ISSUE: 2020, Volume 17, Issue 3
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'But by the grace of God I am what I am: and his grace which was bestowed upon me was not in vain', 1 Cor. 15. 10.
Saul of Tarsus was vehemently opposed to all who owned Christ Jesus as Lord and ‘he made havock of the church’, Acts 8. 3. It was this violent persecutor of Christians who had a most dramatic conversion experience as a result of an encounter with the risen Christ. Looking back on his past, his conversion, and subsequent service for the Lord, Paul states ‘I am what I am’, 1 Cor. 15. 10. He was settled in what God, through grace, had made him.
We shall look first at the wider context of the chapter in which this statement occurs and at what leads up to Paul exclaiming, ‘I am what I am’. Then we will look at what this statement meant for Paul before applying some lessons to ourselves.
Chapter 15 deals with the resurrection. In the verses leading up to the statement we are looking at, the proof of the Lord’s resurrection is outlined. Many people had testified to the bodily resurrection of the Lord Jesus. The risen Christ was seen by His friends, v. 5, the faithful, v. 6, His family, as in ‘James’, v. 7, His followers, v. 7b, and finally, by His foe, Paul himself v. 8. Or, as he put it, ‘And last of all he was seen of me also’, v. 8.
Paul’s testimony is unique. Most, if not all, of the others who saw the resurrected Lord were already disciples, believers in the Lord Jesus. Paul, who was called Saul at the time, was still actively opposed to the Lord and to all who followed Him. When the Lord spoke to him, he was on his way to Damascus to bring disciples of the Lord ‘bound unto Jerusalem’, Acts 9. 2. Also, he was the only apostle who was not part of the group of disciples that followed the Lord Jesus during His earthly ministry. Paul describes himself as ‘one born out of due time’, v. 8, which may suggest that he considered his second birth, his salvation, to have been ‘out of due time’ – too late to have been one of the twelve.
In verse 9, Paul concludes that he is ‘the least of the apostles’, and ‘not meet to be called an apostle’. Although this is a statement of humility, Paul was also thinking about the fact that he ‘persecuted the church of God’ before he was saved and saw his apostleship as a wonder of God’s grace. John Heading wrote, ‘The church was precious to Paul’s heart during his years of service. He also realised it had been precious to Christ during the time when he had been persecuting it’. 1
‘But by the grace of God I am what I am’, v. 10. Paul could not change his past. He remembered what he had been but was happy that, although undeserving of it, God had bestowed His grace on him. All that Paul was, he owed to God’s grace.
Paul accepted the fact of his past and the time of his conversion as being ‘out of due time’, v. 8. He did not express a desire to change anything; he simply was what he was, by God’s grace.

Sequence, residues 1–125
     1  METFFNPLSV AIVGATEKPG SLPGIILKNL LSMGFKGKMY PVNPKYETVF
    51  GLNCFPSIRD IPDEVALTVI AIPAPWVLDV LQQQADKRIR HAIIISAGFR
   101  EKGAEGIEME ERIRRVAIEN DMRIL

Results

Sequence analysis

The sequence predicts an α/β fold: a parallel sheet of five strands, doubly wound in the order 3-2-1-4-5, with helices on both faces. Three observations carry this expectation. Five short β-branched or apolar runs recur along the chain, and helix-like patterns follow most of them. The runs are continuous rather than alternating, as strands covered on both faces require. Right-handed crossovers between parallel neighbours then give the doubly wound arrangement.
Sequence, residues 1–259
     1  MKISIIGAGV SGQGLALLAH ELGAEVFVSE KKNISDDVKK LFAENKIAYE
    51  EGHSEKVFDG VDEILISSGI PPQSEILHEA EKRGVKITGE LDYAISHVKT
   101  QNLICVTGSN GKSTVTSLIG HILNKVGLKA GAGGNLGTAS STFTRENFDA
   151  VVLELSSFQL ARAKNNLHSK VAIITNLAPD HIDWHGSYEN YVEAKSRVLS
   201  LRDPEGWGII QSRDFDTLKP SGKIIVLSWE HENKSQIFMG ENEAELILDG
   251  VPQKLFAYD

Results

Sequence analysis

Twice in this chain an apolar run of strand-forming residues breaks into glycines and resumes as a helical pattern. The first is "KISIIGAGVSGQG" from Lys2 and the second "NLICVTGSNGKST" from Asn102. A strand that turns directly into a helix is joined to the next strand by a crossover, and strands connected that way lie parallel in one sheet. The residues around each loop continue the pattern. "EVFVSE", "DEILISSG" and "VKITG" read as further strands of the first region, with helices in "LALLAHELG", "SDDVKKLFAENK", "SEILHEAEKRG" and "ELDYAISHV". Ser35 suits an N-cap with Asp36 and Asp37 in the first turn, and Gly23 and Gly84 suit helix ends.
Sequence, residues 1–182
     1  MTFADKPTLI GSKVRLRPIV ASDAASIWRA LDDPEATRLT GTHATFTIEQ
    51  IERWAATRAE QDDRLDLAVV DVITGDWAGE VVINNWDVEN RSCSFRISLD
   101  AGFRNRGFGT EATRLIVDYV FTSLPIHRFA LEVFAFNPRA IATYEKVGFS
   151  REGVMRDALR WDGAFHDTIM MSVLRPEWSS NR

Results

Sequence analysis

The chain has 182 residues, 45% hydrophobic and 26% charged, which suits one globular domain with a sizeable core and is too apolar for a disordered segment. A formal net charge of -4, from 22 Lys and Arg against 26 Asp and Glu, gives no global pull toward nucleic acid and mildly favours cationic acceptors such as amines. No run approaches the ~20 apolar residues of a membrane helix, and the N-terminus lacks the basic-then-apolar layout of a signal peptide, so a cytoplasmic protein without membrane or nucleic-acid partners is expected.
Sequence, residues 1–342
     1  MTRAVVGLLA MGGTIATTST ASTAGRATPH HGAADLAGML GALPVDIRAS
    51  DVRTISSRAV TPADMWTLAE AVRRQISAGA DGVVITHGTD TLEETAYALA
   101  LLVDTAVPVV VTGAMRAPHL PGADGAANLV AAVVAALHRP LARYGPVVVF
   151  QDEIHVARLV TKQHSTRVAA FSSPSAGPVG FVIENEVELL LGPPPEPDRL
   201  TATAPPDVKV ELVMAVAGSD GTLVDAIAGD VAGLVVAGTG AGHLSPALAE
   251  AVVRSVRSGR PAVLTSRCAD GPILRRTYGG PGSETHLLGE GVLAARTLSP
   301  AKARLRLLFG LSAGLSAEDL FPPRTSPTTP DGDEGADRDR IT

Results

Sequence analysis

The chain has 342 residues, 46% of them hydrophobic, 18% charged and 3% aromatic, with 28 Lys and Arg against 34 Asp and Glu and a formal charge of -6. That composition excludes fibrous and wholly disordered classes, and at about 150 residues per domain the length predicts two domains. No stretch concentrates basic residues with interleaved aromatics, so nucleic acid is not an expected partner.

He goes on to say that the grace of God ‘which was bestowed upon me was not in vain’, v. 9. It was not a waste, but rather resulted in service. Paul's service took him through many experiences, including beating and imprisonment, Acts 16. 23, shipwreck, 27. 41 and even disagreements with other believers, 15. 39.
Yet, this is all part of who Paul was and he could say, ‘the grace of God . . . was with me’, v. 10, in all his labours. The fruitful outcome of this service was that the Corinthians 'believed', v. 11.
The past: Like Paul, we were opposed to the Lord Jesus before our conversion. We should not remain feeling guilty. The Hebrew writer applies words written by Jeremiah to the believer, ‘their sins and iniquities will I remember no more’, Heb. 10. 17. God, in His grace has dealt with our sin. We should, therefore, live in a spirit of continual thankfulness for the grace that we have received.
Conversion: We cannot change the timing or circumstances of our conversion. But neither should we want to! We may listen to dramatic stories of conversion or think of friends who were saved when they were young. The time and circumstances differ for each believer. The lesson we can take from Paul is to be absolutely settled that the will of God has unfolded in our own conversion experience and to appreciate the grace of God in it.
The present: Just as Paul experienced the grace of God with him in his service, so we can too. In fact, we can see the grace of God with us in every experience. Let us not fall into desiring gifts that others have, or somehow want circumstances to be different; how often do we say, ‘if only’? Rather, we should be like Paul and be able to say that in our own circumstances of life and service ‘the grace of God . . . was with me’, v. 10.
1. John Heading, First and Second Corinthians, published by Ritchie.